Mary Hunt was writing "The Smart Woman's Guide to Planning for Retirement" when she realized she wasn't walking the walk.
As she was crafting the book's strategies, which included owning your home outright, Hunt and her husband happened to be refinancing their Garden Grove, Calif., home of 27 years. "We didn't take a lot of cash out, but we certainly had a mortgage that we could've never paid off," Hunt, 65, admitted. "So while writing this book, we put our house up for sale."
Only 8 percent of women of all ages feel sufficiently educated about preparing for their retirement, according to a 2011 survey by Transamerica. Women also face greater obstacles than men in attaining retirement security. They live longer, earn less, spend more time out of the workforce and reap lower Social Security benefits, according to an AARP report.
Hunt sat down with the Orange County Register to discuss her recently published book and her advice for women to improve their financial health and prepare for their retirement.
QUESTION: Is your book more for single or married women?
ANSWER: I address it to women of all ages and all situations because I think there are fundamental things every woman needs to achieve. For instance, know how to manage money. There are a lot of women who don't have a clue because their husbands have done it. You can't believe how many women wake up a widow suddenly and don't know how to write a check or where the money is.
A money management system includes a budget. And if your expenses and income are so far apart, you have to know where you can cut back. I also think everyone needs an online savings account that's tethered to her checking account because it's so important to automate your finances as much as possible - like, 10 percent out of every one of my paychecks is going to go straight into savings.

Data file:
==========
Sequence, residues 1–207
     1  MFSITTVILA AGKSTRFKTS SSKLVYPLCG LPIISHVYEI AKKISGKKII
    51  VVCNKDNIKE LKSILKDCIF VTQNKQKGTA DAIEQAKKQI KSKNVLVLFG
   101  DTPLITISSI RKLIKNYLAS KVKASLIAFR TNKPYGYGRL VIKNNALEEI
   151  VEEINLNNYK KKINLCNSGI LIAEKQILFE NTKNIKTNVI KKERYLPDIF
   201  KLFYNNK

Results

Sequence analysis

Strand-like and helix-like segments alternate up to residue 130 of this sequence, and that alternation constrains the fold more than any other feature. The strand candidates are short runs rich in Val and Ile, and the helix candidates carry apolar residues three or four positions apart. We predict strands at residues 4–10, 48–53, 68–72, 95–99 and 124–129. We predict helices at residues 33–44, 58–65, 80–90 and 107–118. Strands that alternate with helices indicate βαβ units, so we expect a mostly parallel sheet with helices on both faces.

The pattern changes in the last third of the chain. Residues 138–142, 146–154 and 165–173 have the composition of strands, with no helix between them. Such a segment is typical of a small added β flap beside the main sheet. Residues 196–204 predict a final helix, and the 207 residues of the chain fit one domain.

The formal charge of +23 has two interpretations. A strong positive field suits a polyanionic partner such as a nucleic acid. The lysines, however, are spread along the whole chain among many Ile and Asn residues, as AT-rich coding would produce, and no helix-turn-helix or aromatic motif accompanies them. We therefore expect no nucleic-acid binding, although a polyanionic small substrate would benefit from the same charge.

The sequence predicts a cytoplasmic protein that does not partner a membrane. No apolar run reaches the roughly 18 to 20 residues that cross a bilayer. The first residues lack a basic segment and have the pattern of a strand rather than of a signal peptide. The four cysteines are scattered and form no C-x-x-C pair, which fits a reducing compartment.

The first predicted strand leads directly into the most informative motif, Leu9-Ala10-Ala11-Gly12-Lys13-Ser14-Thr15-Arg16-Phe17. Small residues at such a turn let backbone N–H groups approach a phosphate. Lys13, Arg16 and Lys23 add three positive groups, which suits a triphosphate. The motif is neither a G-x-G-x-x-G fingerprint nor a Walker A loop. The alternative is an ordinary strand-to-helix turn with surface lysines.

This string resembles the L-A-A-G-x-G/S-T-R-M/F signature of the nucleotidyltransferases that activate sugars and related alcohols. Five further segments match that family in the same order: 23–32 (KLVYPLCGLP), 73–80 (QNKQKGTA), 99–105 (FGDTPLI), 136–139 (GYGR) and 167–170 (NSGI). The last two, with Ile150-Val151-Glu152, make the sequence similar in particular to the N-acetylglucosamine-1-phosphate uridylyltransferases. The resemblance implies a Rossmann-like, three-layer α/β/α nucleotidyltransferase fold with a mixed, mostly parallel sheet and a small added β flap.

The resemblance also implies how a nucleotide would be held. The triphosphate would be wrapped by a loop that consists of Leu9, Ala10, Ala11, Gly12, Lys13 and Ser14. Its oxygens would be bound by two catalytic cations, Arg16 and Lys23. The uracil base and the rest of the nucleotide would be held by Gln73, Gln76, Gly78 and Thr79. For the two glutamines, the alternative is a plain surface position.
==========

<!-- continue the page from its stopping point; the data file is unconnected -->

Q: What's one of the most important steps a woman should take when planning her retirement?
A: Every woman needs to know how to build and maintain an emergency fund for the unexpected - the refrigerator goes out, a child goes to the emergency room. The reason is so that you can start funding your own emergencies, rather than using credit cards. And when you fund something out of there, you've got to pay it back. It needs to be enough savings that you and your family could pay all of your bills for six months without any income. It trumps everything, including getting out of debt.
Q: Can you explain your method for getting out of debt?
A: Anybody can pay back their debt using their minimum required payments as the foundation. Whatever is the total of your minimum payments right now - say it's $298 - you make a commitment that, until I'm out of debt, I will pay $298 every month (even as you pay off, say, individual credit cards). Also, your minimum payment goes down as your balance goes down, but you don't lower the payment you're making. You keep it fixed. As the first one pays off, you take its payment and add it to the next.
Q: How did you come up with all these steps?
A: I've written about these things all along, but never in the context of specifically for women in retirement. I looked at my own self. And what I want people to know is: You may have to do some drastic things. You may have to sell the house; you may have to move to a lower cost-of-living area, to another state. But you have to plan.
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